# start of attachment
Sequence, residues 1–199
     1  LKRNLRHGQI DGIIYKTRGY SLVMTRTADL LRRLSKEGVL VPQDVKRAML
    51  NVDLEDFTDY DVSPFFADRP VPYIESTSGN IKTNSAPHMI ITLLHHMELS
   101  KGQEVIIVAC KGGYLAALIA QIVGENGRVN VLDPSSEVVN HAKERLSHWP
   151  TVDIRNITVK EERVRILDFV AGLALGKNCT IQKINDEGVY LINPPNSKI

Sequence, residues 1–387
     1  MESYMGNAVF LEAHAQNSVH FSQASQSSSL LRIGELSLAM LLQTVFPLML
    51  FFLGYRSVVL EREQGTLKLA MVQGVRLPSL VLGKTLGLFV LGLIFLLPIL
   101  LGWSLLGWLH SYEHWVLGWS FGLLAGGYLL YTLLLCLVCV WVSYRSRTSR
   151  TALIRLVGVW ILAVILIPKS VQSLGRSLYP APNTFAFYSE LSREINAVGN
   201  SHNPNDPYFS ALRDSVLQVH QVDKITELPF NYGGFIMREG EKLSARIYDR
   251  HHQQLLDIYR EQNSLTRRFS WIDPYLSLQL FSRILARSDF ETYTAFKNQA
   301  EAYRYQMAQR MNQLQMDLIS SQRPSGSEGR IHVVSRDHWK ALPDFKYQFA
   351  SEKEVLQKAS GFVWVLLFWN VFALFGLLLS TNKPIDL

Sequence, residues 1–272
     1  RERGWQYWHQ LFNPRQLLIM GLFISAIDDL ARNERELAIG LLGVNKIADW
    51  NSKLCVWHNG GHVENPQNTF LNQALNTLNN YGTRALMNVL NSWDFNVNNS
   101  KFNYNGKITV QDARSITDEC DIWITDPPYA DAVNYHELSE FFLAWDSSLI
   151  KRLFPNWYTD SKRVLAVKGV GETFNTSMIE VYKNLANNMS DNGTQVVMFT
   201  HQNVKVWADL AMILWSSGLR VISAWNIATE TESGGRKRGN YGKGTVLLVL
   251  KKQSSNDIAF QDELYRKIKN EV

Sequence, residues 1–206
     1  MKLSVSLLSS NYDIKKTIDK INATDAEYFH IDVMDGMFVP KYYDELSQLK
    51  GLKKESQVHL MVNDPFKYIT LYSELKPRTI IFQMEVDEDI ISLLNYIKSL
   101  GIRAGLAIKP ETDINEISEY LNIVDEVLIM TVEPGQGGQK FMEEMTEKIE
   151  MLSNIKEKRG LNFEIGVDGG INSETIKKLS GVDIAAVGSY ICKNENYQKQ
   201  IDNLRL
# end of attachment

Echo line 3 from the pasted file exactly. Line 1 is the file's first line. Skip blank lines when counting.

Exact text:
    51  NVDLEDFTDY DVSPFFADRP VPYIESTSGN IKTNSAPHMI ITLLHHMELS